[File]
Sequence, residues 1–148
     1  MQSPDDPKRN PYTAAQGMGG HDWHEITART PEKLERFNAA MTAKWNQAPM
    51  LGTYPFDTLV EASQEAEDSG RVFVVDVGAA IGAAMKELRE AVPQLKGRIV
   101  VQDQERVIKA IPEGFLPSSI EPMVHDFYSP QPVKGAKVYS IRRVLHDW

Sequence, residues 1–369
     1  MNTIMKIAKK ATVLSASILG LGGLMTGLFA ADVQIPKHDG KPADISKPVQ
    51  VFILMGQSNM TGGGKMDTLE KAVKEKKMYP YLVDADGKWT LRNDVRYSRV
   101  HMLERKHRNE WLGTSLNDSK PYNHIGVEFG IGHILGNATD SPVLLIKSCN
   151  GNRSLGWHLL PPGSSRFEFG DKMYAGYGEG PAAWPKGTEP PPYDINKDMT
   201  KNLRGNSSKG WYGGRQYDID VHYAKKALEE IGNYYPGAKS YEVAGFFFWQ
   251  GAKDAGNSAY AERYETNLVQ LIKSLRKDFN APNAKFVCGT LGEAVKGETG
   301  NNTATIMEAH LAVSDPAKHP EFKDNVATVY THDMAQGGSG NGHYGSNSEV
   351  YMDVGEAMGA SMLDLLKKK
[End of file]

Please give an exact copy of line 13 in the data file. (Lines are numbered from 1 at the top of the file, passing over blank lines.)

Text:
   351  YMDVGEAMGA SMLDLLKKK